New Delhi, March 30: The government has not thought through the safeguards it said it would put in place while it announced yesterday that women would be allowed to work nights with an amendment to the Factories Act of 1948.
It now appears that the safeguards would be worked out after talks with trade unions before the actual amendment is made.
When information and broadcasting minister S. Jaipal Reddy unveiled the cabinet decision to remove the bar on women working night shifts (10 pm to 6 am), he had sought to allay fears of sexual harassment with the promise of safeguards.
A CPM-affiliated women's organisation and a trade union owing allegiance to the same party had opposed the decision on two counts ' one fearing that employers would force women to work at night and two that the chances of their being subjected to sexual abuse would escalate.
'We can work out the specific safeguards later. Women's organisations and trade unions are free to come up with their suggestions which can be incorporated into the act,' said a labour ministry official.
Women's organisations and trade unions have already informally suggested some safeguards (see chart).
'The amendment will first be discussed in Parliament and may even have to be sent to a select committee in case there is too much opposition,' the official said.
The second national labour commission, which is the government's guiding light for labour law reforms, said the ban on women working night shifts must be removed. But it, too, echoed the concerns of the trade unions.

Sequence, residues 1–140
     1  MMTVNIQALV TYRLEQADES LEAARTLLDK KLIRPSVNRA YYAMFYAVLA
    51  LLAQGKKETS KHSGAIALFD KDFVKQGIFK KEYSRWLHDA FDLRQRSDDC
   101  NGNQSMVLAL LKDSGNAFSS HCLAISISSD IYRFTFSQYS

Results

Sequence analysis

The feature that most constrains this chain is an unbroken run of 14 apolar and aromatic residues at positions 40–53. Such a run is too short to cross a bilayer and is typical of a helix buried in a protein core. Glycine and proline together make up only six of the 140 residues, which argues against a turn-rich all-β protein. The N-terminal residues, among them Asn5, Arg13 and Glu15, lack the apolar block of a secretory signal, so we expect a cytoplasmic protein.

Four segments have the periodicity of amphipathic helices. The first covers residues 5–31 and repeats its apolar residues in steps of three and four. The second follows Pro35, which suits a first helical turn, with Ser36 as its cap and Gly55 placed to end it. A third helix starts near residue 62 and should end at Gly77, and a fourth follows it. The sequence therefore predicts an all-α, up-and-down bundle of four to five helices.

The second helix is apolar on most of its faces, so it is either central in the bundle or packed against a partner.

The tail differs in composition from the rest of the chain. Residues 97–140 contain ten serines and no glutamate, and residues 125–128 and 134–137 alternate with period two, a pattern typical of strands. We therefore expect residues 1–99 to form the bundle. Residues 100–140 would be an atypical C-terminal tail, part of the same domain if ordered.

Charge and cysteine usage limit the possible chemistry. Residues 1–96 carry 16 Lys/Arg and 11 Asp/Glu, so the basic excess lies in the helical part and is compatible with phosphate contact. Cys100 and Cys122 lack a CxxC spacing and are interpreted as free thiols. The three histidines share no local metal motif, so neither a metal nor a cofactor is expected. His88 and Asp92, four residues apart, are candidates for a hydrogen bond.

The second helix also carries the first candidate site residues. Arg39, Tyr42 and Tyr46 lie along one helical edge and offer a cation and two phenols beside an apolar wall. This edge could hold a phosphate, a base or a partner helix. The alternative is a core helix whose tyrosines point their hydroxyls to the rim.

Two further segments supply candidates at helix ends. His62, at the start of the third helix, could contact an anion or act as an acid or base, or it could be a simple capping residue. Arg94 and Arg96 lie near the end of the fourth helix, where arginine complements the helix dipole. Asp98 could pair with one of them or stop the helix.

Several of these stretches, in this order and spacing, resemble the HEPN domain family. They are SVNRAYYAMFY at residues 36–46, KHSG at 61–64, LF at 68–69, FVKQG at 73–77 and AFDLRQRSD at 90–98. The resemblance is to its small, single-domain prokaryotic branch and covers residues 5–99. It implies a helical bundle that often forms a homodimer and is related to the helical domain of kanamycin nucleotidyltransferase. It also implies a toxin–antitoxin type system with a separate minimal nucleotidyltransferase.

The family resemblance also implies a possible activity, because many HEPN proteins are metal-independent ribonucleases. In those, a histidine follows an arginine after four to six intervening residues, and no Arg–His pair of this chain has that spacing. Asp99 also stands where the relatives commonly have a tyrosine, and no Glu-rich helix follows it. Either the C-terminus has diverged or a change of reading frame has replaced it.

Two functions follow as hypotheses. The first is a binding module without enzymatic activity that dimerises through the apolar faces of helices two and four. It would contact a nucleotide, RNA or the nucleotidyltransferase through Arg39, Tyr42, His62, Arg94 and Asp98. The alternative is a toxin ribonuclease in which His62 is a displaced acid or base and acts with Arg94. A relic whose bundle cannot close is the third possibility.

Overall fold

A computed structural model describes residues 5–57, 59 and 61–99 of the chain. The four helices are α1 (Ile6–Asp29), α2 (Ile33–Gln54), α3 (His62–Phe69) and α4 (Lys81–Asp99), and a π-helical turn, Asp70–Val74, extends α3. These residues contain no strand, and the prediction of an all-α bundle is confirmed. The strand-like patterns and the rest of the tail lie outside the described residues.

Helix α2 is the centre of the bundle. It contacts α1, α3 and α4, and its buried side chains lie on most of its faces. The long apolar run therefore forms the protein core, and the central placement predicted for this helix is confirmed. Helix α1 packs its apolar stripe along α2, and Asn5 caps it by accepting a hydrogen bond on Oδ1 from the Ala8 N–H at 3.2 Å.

It said: 'The number of women workers on a shift should not be less than five. The management should provide satisfactory arrangements for their transport, safety and rest before or after shift hours.'
However, the proposed amendment only talks about general safeguards. 'It will be subject to safeguards for the occupational safety and health as well as the protection of dignity, honour and safety of women workers. It will provide for safe transportation from the factory premises to the nearest point of their residence.'
Citu leader W.R. Wardharajan said: 'The Indian situation is not conducive to women working night shifts.'
CPM central committee member and women's leader Brinda Karat had expressed the fear that 'the amendment makes it mandatory for women to be on night shift. But it should be a matter of choice'.
The labour ministry explained that each establishment would have to decide if it wanted to allow women workers on night shifts.
'It will be a decision taken at the local level depending on the conditions that prevail in a particular factory,' it said.
The ministry stressed that factory owners would have to comply with the safeguards once they were listed or be penalised with a maximum of two years in jail or a Rs 1 lakh fine.
Labour leaders point out how laws are violated even now in spite of punitive provisions.